Lake Windermere

17 Best Places to Visit For Easter in the UK

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Easter is a beautiful time to visit the UK, as the long, dark days of winter slowly retreat, every green space seems to burst with spring flowers and glorious blossom, and you can think about going out without your “big coat”. It’s also a time when Brits buy (and eat) an estimated 80 million chocolate eggs!

As there are two public holidays at Easter in the UK, it’s a popular time for short breaks (and longer holidays). Each part of the incredibly diverse United Kingdom (England, Northern Ireland, Scotland and Wales) offers unique and fascinating things to do. There are lots of places to choose from for your memorable Easter break.

If you are keen to explore what to do at Easter – beyond the UK – please see these helpful suggestions:

Here are the best places to spend Easter in the UK

It can be overwhelming to decide which places to visit in the UK during the Easter Holidays. Here’s a collection of recommendations from top travel bloggers who share their tips for the very best places to enjoy Easter in the UK, including what to see and do, where to eat and where to stay:

1. London

By Nicole from Go Far Grow Close

A Harry Potter Studio Tour is one of the Best things to do in London for Easter in the UK
Harry Potter Studio. (Photo courtesy of gofargrowclose.com)

When you think about Easter, you can’t help thinking about children, chocolate and fun. That is why London is one of the best places to visit for Easter in the UK. It is chock full of spectacular places for all to enjoy.

Best things to see and do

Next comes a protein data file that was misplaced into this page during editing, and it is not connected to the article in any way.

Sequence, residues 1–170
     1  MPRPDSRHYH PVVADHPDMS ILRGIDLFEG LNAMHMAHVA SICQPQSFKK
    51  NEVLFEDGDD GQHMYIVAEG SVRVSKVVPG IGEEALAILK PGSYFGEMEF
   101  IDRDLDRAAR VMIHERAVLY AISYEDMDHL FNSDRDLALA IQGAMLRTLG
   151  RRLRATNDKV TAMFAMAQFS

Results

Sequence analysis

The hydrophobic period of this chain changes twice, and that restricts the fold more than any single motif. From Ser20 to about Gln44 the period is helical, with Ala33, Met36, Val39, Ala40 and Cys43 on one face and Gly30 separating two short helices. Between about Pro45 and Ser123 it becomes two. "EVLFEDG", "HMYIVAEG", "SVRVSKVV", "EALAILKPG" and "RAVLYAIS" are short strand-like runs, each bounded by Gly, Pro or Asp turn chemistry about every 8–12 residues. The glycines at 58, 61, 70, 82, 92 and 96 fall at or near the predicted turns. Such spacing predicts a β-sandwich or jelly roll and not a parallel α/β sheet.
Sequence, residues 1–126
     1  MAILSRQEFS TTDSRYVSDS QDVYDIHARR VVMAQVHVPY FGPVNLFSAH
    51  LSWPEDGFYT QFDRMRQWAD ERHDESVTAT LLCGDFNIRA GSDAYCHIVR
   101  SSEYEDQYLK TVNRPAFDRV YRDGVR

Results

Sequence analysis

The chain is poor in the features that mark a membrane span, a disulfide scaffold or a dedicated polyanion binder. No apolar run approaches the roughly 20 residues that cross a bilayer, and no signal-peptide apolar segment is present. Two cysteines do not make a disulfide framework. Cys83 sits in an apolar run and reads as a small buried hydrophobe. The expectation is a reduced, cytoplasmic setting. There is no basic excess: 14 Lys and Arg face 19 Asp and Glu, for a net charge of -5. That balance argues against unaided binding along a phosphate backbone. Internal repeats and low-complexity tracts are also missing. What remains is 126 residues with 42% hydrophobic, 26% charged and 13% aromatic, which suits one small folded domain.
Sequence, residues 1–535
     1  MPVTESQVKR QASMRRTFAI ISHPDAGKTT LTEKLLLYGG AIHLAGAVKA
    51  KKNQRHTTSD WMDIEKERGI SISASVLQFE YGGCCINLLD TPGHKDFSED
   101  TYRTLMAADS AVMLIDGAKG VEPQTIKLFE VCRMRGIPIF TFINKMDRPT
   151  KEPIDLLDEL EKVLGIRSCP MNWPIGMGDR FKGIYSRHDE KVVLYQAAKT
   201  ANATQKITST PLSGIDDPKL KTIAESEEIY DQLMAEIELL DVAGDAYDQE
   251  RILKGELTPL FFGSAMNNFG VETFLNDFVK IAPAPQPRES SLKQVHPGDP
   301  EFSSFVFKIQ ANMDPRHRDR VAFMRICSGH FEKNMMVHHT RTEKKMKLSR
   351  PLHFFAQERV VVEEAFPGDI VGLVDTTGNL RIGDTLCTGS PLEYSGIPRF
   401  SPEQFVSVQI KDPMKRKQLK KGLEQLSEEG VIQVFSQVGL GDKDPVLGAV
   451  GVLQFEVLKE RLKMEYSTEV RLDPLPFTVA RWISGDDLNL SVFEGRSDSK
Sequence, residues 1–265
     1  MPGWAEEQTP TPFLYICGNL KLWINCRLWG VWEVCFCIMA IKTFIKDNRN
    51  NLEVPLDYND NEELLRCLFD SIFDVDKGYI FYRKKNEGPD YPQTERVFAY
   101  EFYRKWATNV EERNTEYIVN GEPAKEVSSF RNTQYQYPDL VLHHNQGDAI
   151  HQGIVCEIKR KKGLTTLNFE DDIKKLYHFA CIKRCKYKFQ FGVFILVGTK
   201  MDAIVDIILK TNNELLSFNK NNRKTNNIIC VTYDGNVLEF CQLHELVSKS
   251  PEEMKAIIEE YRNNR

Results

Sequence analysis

Make sure you spend time exploring one of the many amazing and free museums, including the Natural History and the Victoria & Albert (“V&A”) Museums

Discover one of the 80 million specimens owned by the Natural History Museum, including fossils in the world-leading Dinosaurs gallery and meteorites from outer space.

If art is more your style, then spend time in the V&A, the world’s largest museum of applied arts, decorative arts, and design. It houses a permanent collection of over 2.27 million objects.

For keen Harry Potter fans, consider going on the Warner Bros. Studio Tour – The Making of Harry Potter. This tour is an astounding interactive experience through two large sound stages filled with original costumes, props and sets from the Harry Potter movies.

To make sure you get the most out of your experience, book tickets far ahead of Easter, as this will be a popular time to go. Other essential travel tips for this London attraction include wearing comfortable shoes and purchasing tickets for an early morning entry.

Where to stay

For the best place to stay, Nicole recommends the Z Hotel at Gloucester Place. The location near shopping along Oxford Street is fantastic; the rooms are modern, comfortable, and reasonably priced, and there are complimentary hors d’oeuvres, beer and wine every day. 

2. York, North Yorkshire

By Coralie from GreyGlobetrotters

Visiting The York City Walls is one of the best things to do for Easter in the UK.